Preventing head injuries
From the pros all the way down to the elementary school level, athletes all over the country have suited up again for the new football season.
Among the excitement and anticipation that comes with the first kickoffs, new concerns have arisen at every level over head injuries in the sport – and, for that matter, all contact sports. So much that regardless of age level, coaches, trainers, players and medical professionals are trying to find ways to reduce the threat.
At Kings, the athletic department continues to make adjustments as new information becomes available on the prevention, detection, and treatment of concussions. Keeping the players safe is, of course, the top priority.
A concussion is a traumatic brain injury that alters brain function. Concussions can happen in any sport, but are especially common in football.
“A concussion can happen in any sport – to all kinds of athletes; from track to football. It can also happen at any time. We had a kid dive for a ball once in football practice and he didn’t even hit anyone and still got one,” said KHS Assistant Principal Ron Corradini, who also coaches football.
The most common symptoms of a concussion include headache, amnesia, nausea, dilated pupils, and delayed response to questions. Not all symptoms are obvious, so professionals recommend that if an athlete exhibits any signs of a possible concussion, they should be examined as soon as possible.
Corradini said Kings takes all these precautions seriously.
“The most common symptoms we look out for are confusion and unclear speech,” he said. For example, when a player is suffering from a concussion, most of what they say doesn’t make any sense. He also said that the most common complaints are feeling light-headed and suffering acute headaches.
Possible future problems that pose a threat to athletes who frequently have concussions are epilepsy, post concussion syndrome, and second impact syndrome. People who have had multiple concussions double their risk of developing epilepsy within the first five years after.
Concussions can be tricky to detect. Some people begin having post-concussion symptoms — such as headaches, dizziness and thinking difficulties — a few days after the injury. Symptoms may continue for weeks to a few months after. Experiencing a second concussion before signs and symptoms of a first concussion have resolved may result in rapid and dangerous brain swelling.
So how can Kings, or any football program at any age, fight this?
You can start with better equipment. Kings varsity football coach Andy Olds said Kings now purchases stronger helmets, but stressed that there is no absolute safety guarantee on any brand.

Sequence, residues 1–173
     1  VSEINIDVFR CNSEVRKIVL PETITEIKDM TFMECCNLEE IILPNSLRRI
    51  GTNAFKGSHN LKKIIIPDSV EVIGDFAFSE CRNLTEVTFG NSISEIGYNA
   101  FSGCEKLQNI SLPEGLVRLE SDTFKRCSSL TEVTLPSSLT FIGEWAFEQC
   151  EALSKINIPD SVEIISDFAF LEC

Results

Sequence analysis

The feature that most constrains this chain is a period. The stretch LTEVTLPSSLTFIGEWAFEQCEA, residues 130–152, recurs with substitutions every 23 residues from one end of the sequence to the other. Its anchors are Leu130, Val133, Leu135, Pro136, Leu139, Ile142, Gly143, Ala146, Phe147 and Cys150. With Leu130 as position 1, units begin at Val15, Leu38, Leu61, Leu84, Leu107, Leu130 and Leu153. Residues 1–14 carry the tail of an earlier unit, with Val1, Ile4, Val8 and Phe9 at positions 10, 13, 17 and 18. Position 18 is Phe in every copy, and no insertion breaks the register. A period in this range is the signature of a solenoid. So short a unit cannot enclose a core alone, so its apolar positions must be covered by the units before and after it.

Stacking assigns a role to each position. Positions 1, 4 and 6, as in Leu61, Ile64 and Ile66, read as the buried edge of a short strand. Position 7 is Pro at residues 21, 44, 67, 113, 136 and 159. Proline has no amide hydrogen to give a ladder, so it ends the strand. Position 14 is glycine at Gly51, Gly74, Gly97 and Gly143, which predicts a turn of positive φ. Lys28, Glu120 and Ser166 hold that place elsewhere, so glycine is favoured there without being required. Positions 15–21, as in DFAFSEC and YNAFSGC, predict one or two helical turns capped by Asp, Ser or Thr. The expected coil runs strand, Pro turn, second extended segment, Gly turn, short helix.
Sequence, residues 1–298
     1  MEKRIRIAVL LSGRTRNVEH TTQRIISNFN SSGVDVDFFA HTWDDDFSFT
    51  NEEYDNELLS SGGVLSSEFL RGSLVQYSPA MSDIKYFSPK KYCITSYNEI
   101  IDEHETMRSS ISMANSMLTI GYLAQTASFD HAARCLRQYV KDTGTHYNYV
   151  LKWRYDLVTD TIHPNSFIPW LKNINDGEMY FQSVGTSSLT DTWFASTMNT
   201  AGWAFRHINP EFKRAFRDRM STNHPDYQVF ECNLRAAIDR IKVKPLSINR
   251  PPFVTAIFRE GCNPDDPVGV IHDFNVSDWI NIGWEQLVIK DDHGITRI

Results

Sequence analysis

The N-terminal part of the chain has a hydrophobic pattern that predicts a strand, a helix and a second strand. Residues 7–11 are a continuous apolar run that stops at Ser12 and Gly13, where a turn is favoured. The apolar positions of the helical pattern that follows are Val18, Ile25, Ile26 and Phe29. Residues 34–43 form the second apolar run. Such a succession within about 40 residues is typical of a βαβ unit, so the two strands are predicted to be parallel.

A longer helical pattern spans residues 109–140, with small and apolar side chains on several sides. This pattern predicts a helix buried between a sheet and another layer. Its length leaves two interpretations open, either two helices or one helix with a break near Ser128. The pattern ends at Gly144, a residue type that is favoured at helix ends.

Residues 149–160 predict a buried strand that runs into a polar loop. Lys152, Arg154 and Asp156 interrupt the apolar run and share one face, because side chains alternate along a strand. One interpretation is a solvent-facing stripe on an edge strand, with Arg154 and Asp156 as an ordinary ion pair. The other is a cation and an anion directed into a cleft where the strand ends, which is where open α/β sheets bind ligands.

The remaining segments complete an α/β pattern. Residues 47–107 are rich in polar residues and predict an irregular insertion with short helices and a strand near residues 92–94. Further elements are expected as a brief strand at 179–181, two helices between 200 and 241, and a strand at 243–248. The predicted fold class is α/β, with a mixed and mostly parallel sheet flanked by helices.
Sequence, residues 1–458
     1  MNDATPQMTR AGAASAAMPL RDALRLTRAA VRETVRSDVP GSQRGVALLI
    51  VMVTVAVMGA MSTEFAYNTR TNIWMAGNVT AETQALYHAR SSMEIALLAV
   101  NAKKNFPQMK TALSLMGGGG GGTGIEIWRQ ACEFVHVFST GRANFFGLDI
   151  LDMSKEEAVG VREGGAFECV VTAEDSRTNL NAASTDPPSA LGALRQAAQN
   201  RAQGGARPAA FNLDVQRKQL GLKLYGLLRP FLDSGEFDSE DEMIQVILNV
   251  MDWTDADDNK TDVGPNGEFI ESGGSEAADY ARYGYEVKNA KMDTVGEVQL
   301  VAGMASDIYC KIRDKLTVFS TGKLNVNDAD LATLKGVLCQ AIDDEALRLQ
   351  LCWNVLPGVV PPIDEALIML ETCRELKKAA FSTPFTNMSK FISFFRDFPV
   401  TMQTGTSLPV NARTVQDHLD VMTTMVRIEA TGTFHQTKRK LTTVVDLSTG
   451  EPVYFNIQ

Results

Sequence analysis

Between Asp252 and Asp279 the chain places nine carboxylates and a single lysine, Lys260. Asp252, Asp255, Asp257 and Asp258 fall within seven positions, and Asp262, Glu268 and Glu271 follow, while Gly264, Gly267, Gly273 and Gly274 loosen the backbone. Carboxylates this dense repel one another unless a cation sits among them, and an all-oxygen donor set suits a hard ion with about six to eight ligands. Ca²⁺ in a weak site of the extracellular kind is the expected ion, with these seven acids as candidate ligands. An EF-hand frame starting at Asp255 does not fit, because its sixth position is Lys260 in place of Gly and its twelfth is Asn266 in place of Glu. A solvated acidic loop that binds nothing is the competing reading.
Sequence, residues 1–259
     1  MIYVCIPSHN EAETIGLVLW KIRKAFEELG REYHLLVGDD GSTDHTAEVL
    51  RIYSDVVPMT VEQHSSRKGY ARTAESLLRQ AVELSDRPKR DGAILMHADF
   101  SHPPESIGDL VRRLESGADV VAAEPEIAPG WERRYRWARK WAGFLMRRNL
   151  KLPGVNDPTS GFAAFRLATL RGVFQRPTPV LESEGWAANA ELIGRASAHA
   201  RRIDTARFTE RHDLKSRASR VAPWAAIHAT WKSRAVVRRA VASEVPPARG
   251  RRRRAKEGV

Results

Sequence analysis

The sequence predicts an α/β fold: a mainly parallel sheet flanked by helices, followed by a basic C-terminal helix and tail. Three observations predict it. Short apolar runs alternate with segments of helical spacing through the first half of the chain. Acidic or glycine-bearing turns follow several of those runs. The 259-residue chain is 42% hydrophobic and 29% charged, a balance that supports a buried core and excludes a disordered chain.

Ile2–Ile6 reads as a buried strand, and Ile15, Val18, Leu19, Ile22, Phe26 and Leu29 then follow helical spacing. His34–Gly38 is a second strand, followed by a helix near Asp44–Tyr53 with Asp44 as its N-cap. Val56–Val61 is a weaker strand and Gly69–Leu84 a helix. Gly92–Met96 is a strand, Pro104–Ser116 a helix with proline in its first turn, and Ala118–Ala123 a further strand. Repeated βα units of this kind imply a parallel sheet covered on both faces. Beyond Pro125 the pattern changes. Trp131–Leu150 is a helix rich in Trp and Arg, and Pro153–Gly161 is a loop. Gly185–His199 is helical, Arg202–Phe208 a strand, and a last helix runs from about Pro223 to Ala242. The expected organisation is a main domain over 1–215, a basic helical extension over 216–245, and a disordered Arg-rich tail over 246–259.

“The two largest manufacturers of helmets are Schutt and Riddell. Both companies claim superior safety records but this is very hard to measure accurately,” said Olds. “The NFL uses Riddell, but they are tied into that through sponsorship money. Riddell’s are what we use at Kings. However, like most programs, some players like a different brand for personal reasons. If this is the case in the NFL, the Rival brand must be covered up when in public. At this point, a concussion-proof helmet does not exist.”
Kings athletes have also begun taking what many students call “the concussion test”: an online survey in which students have to remember sequences or shapes, then recall them later. Students take the test under normal conditions in order to get a baseline of their cognition. Then, if the student would ever suffer a suspected concussion, they can take the test again to see if the results change.
Even the NFL, with it’s top-tier, seemingly invulnerable athletes, continues to scramble to find ways to decrease concussions. Over the past two years, league officials have heightened scrutiny over players with head injuries, establishing very specific protocols about how to identify the injury, how long to treat, what sort of treatment is appropriate, and when to clear a player to return.
This summer the NFL settled a lawsuit with about 5,000 former players who claimed lifelong disabling effects of old head injuries suffered while playing. The suit was eventually settled for nearly $1 billion.
And this increased awareness may be working. Last week, ESPN reported that this year, NFL concussions are down 13 percent.
It may seem an obvious issue for a high-contact sport like football, but other sports such as soccer, baseball, and lacrosse are also struggling to find answers. Meanwhile, studies show that fewer kids across the United States are playing not only football, but baseball and soccer as well. When asked, parents are increasingly citing concerns over head injuries as reasons for keeping their kids out of the sport.
Just a few of the many articles on cuncussions that have appeared in the media over the past year.